In my previous post, we examined a list of America’s twenty worst per capita trade deficits in manufactured goods in 2013. We saw that the list was heavily dominated by very densely populated nations. Eighteen of those twenty nations were more densely populated than the U.S. (most being far more densely populated) and the average population density was 504 people per square mile – almost six times the population density of the U.S. And we also saw that low wages had nothing to do with these deficits. Most of these nations were among the wealthiest in the world. We concluded that population density was clearly the driving force behind these trade deficits.
If that’s true – that population density affects our balance of trade – then we should see the opposite effect at the other end of the scale. The list of America’s largest per capita trade surpluses in manufactured goods should be dominated by nations with lower population densities. Here’s the list: Top 20 Surpluses, 2013. There are far fewer densely populated nations on this list, but there are seven that are more densely populated than the U.S.: United Arab Emirates, Qatar, Belgium, Brunei, Panama, the Netherlands and Kuwait. Of these seven, it’s important to note that four are oil exporters. (Net oil exporters are highlighted in yellow.) Since oil is priced in dollars, which can only be spent on U.S. products and services, it’s inevitable that these nations appear on the list, regardless of their population density.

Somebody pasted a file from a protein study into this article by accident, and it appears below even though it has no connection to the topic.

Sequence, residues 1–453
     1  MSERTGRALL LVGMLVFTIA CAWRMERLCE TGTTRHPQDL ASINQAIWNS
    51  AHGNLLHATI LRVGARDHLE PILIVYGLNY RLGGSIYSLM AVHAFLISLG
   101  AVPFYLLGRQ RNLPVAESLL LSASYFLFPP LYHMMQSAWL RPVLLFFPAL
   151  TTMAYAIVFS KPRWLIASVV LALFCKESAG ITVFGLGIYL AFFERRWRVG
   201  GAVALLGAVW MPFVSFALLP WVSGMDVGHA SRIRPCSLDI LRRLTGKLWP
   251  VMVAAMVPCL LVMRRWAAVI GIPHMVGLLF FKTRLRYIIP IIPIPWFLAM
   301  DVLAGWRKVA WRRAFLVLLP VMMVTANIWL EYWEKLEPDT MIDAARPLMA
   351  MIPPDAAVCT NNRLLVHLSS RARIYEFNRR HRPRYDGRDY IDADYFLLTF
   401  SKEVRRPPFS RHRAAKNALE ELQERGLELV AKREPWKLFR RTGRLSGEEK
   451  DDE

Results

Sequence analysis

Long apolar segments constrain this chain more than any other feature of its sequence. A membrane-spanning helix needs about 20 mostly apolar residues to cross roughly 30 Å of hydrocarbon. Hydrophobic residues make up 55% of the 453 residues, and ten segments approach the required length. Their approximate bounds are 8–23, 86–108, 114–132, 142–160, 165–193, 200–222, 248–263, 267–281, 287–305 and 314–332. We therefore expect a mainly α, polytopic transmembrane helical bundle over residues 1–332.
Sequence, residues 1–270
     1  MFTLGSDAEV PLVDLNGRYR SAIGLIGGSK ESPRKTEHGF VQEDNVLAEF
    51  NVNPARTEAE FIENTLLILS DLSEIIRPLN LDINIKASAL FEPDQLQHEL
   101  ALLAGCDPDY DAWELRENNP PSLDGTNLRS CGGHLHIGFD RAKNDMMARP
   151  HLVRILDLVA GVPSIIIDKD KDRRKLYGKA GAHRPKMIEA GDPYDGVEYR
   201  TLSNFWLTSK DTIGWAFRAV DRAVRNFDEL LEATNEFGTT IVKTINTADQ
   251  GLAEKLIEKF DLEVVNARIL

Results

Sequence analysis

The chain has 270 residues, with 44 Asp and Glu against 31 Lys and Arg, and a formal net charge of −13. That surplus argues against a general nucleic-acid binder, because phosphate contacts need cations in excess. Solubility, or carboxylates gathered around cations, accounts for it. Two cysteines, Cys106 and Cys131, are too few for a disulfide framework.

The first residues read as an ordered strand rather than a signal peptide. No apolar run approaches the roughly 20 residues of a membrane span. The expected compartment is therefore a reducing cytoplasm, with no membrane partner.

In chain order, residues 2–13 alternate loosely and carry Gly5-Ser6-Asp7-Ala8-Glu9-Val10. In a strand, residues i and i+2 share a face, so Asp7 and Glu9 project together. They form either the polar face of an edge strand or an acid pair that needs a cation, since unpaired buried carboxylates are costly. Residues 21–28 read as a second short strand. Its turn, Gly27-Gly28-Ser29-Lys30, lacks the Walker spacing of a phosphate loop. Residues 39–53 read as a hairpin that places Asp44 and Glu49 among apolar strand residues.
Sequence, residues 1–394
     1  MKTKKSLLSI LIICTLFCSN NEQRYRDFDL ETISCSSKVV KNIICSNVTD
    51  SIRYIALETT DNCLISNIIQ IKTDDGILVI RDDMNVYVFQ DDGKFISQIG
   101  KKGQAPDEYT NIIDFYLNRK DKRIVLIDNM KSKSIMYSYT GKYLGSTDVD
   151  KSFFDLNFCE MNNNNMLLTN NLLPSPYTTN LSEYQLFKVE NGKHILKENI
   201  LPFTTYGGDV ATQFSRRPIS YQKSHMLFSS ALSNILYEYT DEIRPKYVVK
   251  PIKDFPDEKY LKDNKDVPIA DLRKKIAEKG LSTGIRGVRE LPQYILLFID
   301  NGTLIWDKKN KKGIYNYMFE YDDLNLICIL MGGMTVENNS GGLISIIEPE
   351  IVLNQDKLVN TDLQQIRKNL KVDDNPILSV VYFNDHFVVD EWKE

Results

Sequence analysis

That leaves only three of the twenty nations on this list that seem to defy the population density effect – Belgium, the Netherlands and Panama. Belgium and The Netherlands are tiny, neighboring European nations whose economies are heavily dependent on trade and who take advantage of a unique asset – they share the only European seaport on the non-Baltic Atlantic coast. Both import and then re-sell American-made goods.
The average population density of the nations on this list is 197 people per square mile. However, the weighted population density – the total population of the nations on this list divided by their total land mass – is only 17 people per square mile. Compare that to 358 people per square mile – the weighted population density of the nations that account for our twenty worst per capita trade deficits. 17 vs. 358. Could the role of population density in driving trade imbalances be any more clear?
It’s also interesting to note that the nations on the list of our best surpluses represent nine million square miles of the earth’s surface. The nations that account for our worse deficits – deficits that total far more than our surpluses, represent only 5.4 million square miles.
Finally, it’s important to note that the average purchasing power parity (PPP) of the nations on our list of our best surpluses is $38,725. That’s little different than the average PPP of the nations on the list of our worst deficits – $35,330. In other words, wealth (analogous to wages) plays no role whatsoever in determining trade imbalances.
And yet we go on pretending that population density doesn’t matter, applying free trade policy to all of them, just as we have for well over a half century.